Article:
Virtual Reality For Seniors: A Practical Guide

Virtual reality is not just a playground for teens and younger folks. As a matter of fact, it might actually be the seniors who can the biggest emotional and physical benefits and “wow-effect” from VR.

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This article is aimed at people who want to help a senior person experience virtual reality. I will be giving guidelines about suitable games and activities, preparation for a personalized VR session, safety and other related information.

What Can Seniors Do in VR?

There are many wonderful activities and experiences in virtual reality that are beneficial and most seniors will surely find entertaining. Below are some examples.

VR Tourism & Travelling

Virtual reality lets the elderly travel anywhere they like from the comfort of their seat. With apps such as Google Earth VR and Wander, they can visit the Grand Canyon, Eiffel Tower in Paris or why not The Great Wall of China.

In addition to famous landmarks, seniors can bring back old memories and visit places they are already familiar with. Be it their birthplace, the school they went to or the location they got married. Be ready for an emotional ride on memory lane!

Immersive Video Experiences

VR enables you to watch 180/360-degree videos, that are not the average plain media content you might get from TV for example. With VR, the experience is much more realistic and similar to the sensation one would get from the real world.

This enables seniors to (re)experience things that they can not physically do or things they could just not cross off their bucket list. Meet a lion, swim with the dolphins, fly to the moon or why not go ahead and climb Mount Everest?


Loneliness is a very common problem as people get older. Although nothing replaces physical face-to-face interaction with other people, VR can still help older people feel more connected.

With Bigscreen, seniors can enjoy a movie session with cinema fans from all around the world and interact with them. VRChat and RecRoom enable more of a free form chat and various activities you can partake with other people.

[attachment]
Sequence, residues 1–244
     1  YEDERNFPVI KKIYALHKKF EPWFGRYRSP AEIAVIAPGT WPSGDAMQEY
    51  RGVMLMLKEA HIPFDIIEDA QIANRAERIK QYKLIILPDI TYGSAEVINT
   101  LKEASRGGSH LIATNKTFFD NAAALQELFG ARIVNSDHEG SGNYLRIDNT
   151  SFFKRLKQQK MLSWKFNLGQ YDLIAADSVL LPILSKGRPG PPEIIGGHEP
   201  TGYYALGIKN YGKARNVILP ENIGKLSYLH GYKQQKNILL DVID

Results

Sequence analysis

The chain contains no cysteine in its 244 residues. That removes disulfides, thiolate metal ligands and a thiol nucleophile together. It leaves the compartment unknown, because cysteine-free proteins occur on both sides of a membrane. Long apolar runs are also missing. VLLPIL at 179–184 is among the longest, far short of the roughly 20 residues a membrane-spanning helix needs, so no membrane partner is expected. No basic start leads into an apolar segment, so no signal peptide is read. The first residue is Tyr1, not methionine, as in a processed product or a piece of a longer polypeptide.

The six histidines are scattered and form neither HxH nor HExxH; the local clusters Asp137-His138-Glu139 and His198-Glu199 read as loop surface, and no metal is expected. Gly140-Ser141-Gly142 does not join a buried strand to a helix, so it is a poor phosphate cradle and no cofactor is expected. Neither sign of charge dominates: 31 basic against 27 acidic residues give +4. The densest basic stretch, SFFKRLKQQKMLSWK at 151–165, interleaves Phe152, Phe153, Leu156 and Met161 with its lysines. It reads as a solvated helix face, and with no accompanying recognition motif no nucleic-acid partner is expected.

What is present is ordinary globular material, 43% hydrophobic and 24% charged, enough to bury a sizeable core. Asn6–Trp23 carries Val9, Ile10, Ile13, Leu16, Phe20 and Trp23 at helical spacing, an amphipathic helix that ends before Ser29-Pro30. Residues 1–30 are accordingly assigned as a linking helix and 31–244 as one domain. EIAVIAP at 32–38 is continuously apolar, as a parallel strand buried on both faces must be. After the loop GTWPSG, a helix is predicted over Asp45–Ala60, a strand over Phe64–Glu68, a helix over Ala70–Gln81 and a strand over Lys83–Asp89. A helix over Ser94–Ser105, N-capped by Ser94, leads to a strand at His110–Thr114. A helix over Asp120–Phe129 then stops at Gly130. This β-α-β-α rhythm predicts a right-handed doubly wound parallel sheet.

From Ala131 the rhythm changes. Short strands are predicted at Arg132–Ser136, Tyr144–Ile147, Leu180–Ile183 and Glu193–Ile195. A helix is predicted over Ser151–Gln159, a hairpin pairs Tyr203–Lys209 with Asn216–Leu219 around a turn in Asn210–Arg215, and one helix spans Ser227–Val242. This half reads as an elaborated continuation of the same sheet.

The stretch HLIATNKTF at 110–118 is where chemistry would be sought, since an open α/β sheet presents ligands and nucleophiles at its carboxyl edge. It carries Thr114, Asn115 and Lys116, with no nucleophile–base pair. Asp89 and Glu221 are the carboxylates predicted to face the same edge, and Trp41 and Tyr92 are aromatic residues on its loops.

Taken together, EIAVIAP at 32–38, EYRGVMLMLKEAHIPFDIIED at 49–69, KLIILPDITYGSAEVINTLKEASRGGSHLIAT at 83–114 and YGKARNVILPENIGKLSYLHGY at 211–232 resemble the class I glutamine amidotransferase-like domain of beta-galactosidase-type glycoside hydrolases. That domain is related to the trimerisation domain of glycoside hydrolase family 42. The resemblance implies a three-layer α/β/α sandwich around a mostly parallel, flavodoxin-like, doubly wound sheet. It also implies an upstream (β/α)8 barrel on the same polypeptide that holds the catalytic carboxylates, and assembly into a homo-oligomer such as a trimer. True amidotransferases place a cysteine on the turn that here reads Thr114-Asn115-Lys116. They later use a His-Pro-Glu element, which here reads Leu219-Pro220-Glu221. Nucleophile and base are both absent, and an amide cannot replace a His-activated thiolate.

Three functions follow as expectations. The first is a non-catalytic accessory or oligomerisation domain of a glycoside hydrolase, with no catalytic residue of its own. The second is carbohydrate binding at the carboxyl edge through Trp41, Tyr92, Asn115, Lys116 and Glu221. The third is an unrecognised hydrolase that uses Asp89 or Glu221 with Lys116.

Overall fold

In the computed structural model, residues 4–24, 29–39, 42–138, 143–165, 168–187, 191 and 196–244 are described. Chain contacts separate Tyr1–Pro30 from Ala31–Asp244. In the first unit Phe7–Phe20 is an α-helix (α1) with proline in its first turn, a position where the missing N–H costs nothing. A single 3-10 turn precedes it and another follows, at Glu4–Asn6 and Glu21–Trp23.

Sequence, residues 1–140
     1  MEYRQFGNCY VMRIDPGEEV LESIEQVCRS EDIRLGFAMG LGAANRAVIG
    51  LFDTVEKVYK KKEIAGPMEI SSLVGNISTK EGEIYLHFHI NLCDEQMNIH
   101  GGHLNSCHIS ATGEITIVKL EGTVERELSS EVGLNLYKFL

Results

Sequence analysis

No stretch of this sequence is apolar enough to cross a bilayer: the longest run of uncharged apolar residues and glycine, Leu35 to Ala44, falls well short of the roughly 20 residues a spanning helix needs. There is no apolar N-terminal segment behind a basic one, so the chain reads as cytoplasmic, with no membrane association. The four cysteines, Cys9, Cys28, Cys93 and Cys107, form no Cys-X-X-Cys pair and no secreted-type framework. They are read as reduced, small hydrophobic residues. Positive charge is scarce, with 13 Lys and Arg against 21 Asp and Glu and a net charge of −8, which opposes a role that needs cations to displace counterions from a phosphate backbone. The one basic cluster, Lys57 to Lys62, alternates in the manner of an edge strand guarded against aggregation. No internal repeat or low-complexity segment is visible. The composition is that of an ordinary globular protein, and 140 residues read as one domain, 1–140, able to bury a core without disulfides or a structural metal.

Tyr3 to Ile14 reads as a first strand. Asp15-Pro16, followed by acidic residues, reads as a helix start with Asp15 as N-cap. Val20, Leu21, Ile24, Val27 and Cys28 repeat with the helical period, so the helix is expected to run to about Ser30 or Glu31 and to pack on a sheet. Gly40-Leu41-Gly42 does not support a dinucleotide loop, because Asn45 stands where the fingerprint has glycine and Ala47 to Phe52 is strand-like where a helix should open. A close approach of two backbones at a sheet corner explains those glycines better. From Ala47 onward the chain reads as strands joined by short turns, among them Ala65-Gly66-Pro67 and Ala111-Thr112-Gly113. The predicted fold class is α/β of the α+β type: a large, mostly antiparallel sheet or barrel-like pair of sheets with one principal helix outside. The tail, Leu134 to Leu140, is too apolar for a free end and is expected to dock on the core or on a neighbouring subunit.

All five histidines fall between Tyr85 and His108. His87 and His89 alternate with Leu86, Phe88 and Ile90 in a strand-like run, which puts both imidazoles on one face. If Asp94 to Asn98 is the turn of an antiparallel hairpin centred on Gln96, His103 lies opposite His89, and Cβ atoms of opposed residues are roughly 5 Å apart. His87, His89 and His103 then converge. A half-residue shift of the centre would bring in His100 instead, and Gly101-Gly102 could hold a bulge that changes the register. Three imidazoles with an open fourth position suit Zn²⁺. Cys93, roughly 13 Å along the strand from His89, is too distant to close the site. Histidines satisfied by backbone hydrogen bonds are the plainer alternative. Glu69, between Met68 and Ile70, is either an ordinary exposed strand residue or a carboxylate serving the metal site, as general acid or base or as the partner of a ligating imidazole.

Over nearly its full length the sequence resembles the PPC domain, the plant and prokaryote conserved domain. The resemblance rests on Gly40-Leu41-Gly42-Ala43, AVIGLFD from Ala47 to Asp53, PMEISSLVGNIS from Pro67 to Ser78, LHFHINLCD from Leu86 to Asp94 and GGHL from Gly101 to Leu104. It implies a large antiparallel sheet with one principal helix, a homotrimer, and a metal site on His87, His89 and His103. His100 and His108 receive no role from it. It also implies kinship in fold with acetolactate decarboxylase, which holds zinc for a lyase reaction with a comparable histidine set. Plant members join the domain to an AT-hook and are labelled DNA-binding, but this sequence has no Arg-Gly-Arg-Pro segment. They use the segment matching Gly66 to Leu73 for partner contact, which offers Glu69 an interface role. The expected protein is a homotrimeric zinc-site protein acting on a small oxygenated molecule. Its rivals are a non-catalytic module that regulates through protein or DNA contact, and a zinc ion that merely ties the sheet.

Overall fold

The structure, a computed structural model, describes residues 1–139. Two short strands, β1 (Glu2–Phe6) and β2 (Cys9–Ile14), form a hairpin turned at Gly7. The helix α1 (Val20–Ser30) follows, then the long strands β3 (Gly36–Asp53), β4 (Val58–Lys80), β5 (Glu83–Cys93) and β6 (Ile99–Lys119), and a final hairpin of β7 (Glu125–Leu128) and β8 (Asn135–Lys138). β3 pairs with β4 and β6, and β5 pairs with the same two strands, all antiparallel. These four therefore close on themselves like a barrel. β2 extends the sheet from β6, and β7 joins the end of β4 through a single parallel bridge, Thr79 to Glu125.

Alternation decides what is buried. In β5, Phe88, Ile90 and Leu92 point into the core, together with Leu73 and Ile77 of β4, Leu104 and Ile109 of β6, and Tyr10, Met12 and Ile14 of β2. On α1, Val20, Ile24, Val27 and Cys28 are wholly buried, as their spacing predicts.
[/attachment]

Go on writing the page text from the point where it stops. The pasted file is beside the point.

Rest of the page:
Exercise is good for us, humans. This is especially true for seniors who need regular physical activity to maintain and also improve their health and mobility. VR offers a variety of games to promote an active lifestyle and have fun while doing so.

59-year old enjoying Beat Saber

Pop balloons with your head, slash music beats with lightsabers, play ping pong or shoot alien spaceships while dodging the bullets. There are a variety of games and experiences for different interests and more content is being developed all the time.

Playing Games Just For Fun

There are many VR games that are perfectly fine for older people to play. You can find several good recommendations from my previous articles Best VR Games & Apps for Seniors and 11 Best Seated VR Games.

Can Seniors With Glasses Use VR?

It often is the case, that older people need glasses to see properly (mostly reading glasses for objects up close). This raises the question: can people with glasses use VR properly? The short answer is: yes they can.

In reality, seniors who require glasses in real life, might not need them with VR at all. Let me explain.

Even though the display in the VR headset is physically very close to your eyes, the lenses (placed between the display and your eyes) bend the light in a way that the actual focal point is approximately 2 meters (~6.5 feet).

Because of this optical “illusion”, if the senior can see objects clearly at a 2-meter distance in real life, there is a good chance he or she won`t be needing glasses for VR at all.

And even if the person fails the “2-meter test” and objects are blurry when using a VR headset, this is not a show-stopper at all. Most (if not all) VR manufacturers have considered the needs of people who wear glasses and they have left enough space within the VR headset to fit the glasses in as well.

So, with or without glasses, seniors will most probably be able to enjoy the wonders of virtual reality too.

Choosing The Right Headset For Senior

If you already own a VR headset, then you most probably will be letting your senior relative or friend test VR out with that particular headset. Move on to the next subtopic: “Preparation for VR Session“.

However, if you do not have a VR headset and are looking for one that would best suit the elderly`s needs, then I have a couple of recommendations for you. As of 2020, I would say there are two options that currently stand out from the rest.

Oculus Go – Simple, yet Immersive Multimedia headset

My first recommendation is the Oculus Go which you can find from Amazon. It is a standalone and wireless VR headset, that is essentially “plug and play” and is most suitable for virtual traveling, watching various video content and playing some simpler games.

Since this device does not have room-scale tracking (only 3DoF), it is suitable for elders with limited movement who would use the headset while seated or lying down.

Also worth mentioning about the headset – If the senior is able to handle a TV set, with a bit of patience, you can most probably teach them how to use the Oculus Go headset as well.

Oculus Quest – An Easy-to-use Multipurpose headset

The second senior-friendly VR headset I would recommend is the Oculus Quest. This headset is also standalone and wireless. You do not need a PC, mobile or a gaming console do run it – just hit the power button and start enjoying.